Most people have battled the Christmas sales at some stage, shoving their way through throngs of shoppers to grab the best deals. Now the mobs are moving online, thanks to websites like Gilt, which pulled in more than $500 million (€364 million) last year through flash sales.
The business model of the Dublin and Limerick-based company is a clever one. Every day at 5pm it launches new, limited-time sales of sought-after products and desirable brands.
It also recreates that crazed rush of the Christmas sales, by giving online shoppers just 10 minutes to purchase the items in their basket, or risk losing them forever to someone else.
For several years following its 2007 inception, Gilt was the model for how to build a fast-growing company on the back of e-commerce innovation. Founded in the US, it took full advantage of the recession, consumers’ desire for low prices and retailers’ need to sell excess inventory.
But other businesses quickly began copying the innovative model, causing Gilt to lose its lustre. When chief executive Michelle Peluso took the top job last year, most people would have been intimidated to step up to the plate. The company was losing money, growth was slowing down and 10 per cent of the workforce had been laid off.
But Peluso is someone who likes a challenge, and entrepreneurship is in her blood. Both her father and grandfather were entrepreneurs, and running a business has always been something she wanted to do.
“Even as a teenager, I wanted entrepreneurial jobs. I didn’t want to earn minimum wage flipping burgers so I started a swim school in my backyard. I got around $30 to $40 per hour so earned 10 times the hourly rate my friends got.”
When she was 15, Peluso managed to get hersel on to a media trip to Russia, insisting it was important for journalists to see issues from a student’s perspective also.
“I needed to spring on my parents that I was going to go to Moscow with a group of people, miss three weeks of school and I needed $3,000. So, I cooked breakfast for them. My parents weren’t thrilled about it.”
She was allowed to go to Russia though, and found the trip instilled in her a desire to learn more and study business.
“People would do just about anything to buy the jeans that you were wearing. It was a fascinating experience for me – learning about how the global economy works and how it creates bonds between us.”
'Hunger and justice'
The experience led her to start a foundation – New Generation for Peace – which for several years brought students together to talk about global issues.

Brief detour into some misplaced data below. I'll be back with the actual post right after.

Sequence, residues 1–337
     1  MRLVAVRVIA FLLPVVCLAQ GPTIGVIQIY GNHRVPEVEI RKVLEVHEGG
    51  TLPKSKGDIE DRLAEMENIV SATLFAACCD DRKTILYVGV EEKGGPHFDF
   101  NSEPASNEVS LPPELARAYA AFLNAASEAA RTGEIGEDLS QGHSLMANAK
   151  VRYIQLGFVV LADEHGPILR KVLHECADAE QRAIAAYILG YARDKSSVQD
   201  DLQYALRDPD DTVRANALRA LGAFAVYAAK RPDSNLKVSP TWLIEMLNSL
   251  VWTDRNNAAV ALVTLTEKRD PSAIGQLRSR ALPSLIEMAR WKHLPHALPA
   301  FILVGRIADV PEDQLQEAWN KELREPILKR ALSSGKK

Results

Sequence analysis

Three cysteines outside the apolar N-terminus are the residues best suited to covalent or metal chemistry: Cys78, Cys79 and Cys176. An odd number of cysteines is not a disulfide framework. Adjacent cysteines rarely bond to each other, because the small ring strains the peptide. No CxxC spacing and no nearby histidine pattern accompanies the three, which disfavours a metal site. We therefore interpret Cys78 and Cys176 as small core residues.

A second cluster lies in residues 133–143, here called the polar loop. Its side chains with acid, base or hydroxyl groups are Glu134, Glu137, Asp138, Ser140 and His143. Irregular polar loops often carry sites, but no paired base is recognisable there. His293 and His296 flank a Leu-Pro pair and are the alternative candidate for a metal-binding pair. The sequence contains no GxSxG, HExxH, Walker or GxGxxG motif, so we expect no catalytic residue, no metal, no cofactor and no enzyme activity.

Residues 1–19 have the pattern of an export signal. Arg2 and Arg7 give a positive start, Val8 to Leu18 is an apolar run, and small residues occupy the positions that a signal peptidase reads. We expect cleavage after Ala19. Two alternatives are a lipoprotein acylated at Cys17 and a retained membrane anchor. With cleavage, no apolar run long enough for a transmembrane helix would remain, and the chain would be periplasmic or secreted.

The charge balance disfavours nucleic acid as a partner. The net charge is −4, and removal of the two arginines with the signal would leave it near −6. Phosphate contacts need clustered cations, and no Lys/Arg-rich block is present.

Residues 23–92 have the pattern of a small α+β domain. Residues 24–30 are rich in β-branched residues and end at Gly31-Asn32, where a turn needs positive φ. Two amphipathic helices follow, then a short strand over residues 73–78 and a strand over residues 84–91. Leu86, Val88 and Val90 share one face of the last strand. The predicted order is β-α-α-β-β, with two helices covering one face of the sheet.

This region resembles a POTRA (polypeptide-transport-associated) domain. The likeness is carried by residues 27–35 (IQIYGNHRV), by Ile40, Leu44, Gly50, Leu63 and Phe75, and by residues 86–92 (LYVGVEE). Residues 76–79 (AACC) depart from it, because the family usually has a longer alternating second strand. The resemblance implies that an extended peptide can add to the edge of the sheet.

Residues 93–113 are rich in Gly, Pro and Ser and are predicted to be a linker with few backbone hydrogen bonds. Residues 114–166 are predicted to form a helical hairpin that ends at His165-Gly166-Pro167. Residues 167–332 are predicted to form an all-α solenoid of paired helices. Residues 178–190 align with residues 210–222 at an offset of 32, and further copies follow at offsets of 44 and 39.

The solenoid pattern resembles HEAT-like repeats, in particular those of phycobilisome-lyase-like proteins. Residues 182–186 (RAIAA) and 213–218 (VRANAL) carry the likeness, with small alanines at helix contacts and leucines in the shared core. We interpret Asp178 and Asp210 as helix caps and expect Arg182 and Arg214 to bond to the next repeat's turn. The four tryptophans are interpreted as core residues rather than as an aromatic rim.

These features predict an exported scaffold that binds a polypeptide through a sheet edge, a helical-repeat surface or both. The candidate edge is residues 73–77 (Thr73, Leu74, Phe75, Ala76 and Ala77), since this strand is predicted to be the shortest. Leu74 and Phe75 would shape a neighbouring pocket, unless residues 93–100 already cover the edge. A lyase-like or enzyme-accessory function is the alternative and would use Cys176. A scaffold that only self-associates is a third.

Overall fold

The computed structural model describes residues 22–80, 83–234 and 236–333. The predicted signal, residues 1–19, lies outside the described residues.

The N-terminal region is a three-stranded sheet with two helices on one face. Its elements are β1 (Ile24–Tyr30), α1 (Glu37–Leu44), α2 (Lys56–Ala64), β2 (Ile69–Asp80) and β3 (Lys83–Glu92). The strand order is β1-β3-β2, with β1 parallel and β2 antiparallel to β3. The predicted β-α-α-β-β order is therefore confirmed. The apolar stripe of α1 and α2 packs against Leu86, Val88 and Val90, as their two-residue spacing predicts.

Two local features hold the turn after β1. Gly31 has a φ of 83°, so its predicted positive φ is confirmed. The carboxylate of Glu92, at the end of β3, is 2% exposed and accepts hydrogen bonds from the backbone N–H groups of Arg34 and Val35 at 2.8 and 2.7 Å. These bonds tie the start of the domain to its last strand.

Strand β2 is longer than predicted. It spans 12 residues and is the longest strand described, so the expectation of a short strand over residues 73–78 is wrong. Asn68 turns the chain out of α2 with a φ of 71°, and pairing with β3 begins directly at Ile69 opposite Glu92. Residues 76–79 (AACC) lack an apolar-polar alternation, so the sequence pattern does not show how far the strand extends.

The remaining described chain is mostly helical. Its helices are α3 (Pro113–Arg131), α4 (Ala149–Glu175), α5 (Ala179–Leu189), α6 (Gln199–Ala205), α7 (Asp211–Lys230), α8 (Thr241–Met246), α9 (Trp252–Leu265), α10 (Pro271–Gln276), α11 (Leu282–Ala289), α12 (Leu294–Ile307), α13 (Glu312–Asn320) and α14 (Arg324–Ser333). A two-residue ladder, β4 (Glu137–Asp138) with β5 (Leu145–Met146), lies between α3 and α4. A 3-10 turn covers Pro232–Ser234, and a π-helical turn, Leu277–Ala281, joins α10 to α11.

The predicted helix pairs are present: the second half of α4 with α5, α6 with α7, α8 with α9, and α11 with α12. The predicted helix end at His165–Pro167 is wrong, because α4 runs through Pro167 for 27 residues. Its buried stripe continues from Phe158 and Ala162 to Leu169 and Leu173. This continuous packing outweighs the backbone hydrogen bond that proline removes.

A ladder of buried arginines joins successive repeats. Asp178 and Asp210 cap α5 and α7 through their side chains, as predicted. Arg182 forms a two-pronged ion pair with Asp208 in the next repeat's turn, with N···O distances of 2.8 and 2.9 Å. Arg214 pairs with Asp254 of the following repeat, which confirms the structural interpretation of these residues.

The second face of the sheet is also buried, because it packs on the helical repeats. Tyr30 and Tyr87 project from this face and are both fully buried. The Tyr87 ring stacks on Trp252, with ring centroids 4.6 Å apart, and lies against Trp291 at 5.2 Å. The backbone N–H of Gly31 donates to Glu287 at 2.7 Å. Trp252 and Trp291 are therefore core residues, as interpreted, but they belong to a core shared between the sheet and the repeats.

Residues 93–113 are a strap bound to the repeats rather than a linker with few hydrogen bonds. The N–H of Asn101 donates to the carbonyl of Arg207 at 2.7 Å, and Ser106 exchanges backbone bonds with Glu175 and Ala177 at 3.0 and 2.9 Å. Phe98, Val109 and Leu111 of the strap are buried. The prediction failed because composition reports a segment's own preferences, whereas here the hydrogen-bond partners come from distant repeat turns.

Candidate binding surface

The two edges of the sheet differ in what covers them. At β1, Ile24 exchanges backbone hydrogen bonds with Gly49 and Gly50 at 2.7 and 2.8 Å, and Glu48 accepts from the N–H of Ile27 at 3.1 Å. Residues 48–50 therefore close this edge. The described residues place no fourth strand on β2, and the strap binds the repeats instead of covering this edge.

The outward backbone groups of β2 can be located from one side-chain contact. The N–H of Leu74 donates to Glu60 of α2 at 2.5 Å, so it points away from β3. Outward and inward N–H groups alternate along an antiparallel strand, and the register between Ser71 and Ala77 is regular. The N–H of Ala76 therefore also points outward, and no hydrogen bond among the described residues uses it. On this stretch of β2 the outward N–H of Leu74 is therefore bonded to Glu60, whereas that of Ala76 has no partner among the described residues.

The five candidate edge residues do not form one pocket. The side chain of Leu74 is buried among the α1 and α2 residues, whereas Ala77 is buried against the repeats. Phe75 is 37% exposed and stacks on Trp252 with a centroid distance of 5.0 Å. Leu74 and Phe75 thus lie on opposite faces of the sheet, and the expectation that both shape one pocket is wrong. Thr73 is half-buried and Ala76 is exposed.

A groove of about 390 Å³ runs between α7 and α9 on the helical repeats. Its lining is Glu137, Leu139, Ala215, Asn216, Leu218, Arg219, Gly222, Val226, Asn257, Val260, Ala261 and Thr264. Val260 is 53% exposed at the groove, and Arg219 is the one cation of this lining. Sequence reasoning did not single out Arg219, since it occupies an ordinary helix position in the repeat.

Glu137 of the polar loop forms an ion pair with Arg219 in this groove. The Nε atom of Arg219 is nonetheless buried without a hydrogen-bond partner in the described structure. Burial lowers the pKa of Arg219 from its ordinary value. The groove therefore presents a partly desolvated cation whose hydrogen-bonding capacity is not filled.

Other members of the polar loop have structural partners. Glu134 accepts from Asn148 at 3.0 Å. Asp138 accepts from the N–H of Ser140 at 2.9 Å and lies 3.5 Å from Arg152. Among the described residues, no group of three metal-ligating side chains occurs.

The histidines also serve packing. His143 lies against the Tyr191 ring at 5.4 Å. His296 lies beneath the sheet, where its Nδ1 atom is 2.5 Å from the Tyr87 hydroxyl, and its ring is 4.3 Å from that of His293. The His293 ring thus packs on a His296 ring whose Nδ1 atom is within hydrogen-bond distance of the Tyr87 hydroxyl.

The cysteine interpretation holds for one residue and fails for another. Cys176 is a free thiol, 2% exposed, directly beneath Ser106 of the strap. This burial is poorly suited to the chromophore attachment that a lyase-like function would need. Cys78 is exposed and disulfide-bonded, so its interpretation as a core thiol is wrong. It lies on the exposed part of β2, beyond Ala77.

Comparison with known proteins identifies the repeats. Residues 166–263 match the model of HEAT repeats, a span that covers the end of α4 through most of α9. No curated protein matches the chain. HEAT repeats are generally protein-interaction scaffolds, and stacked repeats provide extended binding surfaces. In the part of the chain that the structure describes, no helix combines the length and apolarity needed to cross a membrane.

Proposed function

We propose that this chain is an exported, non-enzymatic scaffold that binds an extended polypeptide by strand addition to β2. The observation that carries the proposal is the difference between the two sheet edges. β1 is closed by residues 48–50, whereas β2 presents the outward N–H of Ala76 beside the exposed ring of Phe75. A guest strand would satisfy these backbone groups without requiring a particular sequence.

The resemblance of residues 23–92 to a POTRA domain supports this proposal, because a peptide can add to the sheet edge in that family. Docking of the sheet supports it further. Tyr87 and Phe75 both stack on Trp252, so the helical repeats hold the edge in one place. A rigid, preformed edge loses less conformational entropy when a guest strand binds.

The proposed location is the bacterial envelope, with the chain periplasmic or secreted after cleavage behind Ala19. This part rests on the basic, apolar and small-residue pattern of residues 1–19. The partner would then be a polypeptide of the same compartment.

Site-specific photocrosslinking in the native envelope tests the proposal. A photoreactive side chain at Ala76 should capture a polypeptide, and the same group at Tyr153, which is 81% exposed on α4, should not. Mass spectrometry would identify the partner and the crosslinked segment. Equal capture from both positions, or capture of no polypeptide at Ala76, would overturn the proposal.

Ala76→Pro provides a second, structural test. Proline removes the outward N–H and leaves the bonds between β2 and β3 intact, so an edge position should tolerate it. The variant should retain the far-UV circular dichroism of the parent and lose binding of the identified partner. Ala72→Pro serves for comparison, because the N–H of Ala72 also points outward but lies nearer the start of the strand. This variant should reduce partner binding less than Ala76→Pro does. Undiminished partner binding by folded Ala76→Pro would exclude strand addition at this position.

“We brought young people together from all over the world to discuss issues such as hunger and justice.”
Peluso went on to study business at university before dabbling in politics as a White House special adviser during the Clinton administration. She returned to her entrepreneurial roots in 1999 when her former employer, the Boston Consulting Group, called her with the idea for Site59.
“I felt if I didn’t try entrepreneurship, I’d get too comfortable working at a big company.”
Specialising in last minute travel deals, Site59 did well at first, but suffered in the wake of the September 11th attacks with revenues falling 70 per cent.
“We had been in talks with Travelocity before 9/11 but then revenues plummeted to zero. We had to rebuild the company.”
Peluso and the staff quickly rebuilt the company and just six months later, in March 2002, it was acquired for $43 million by Travelocity.
Travelocity had revolutionised the travel business by launching the first online travel website in March 1996. It quickly grew into the third largest e-commerce site in the world behind only Amazon and e-Bay, employing some 5,000 employees.
Following the acquisition, Peluso took a job as senior vice-president of hotels and packaging at Travelocity, being promoted to chief operating officer several months later and chief executive several months after that
“At the age of 31, I went from running an 80 person organisation to a 5,000 person organisation. I rang my Dad and was, like, ‘help!’.”
In the 12 months following her appointment as chief executive Travelocity went from losing $55 million a year to making $13 million.
In February of this year, Peluso took the helm of Gilt Groupe, having spent three years on its board of directors. Her first mission was to correct the course of the company and scale down underperforming business units.
"We had expanded into a bunch of different new categories, some of which weren't working, and it was really critical for us to call that. We exited things like travel, full-price men's and food."
She has also been working on making flash sales better by using data on customers’ clothing sizes, preferred brands and browsing history to offer special time-sensitive sales tailored to individual customers. Peluso’s reasoning is that sales will be more attractive if they’re exclusive to a single person.
The company, which already employs more than 150 people in Ireland, intends to expand here, having announced the creation of 45 engineering jobs.
Peluso says the company’s Irish technology team has been “instrumental” in developing the e-commerce platform and site relaunch. The company has its international headquarters, a technology hub and a customer services centre for US customers here, with the next step being to open an innovation centre.
While the online purveyor of clothes has flirted with an initial public offering (IPO) several times in the past, she says the company is in no hurry to float.
“An IPO is the likely outcome. We are not in a rush as we are generating cash. We are not in a situation where we need some infusion of cash.”
While she wouldn’t reveal 2013 revenue, she said the business did more than $550 million in gross revenue in the 2012 calendar year.
As for Peluso’s role at the helm of the shopping website, she says: “I never want to be a lonely arrogant CEO that is fed bullshit by everyone else.”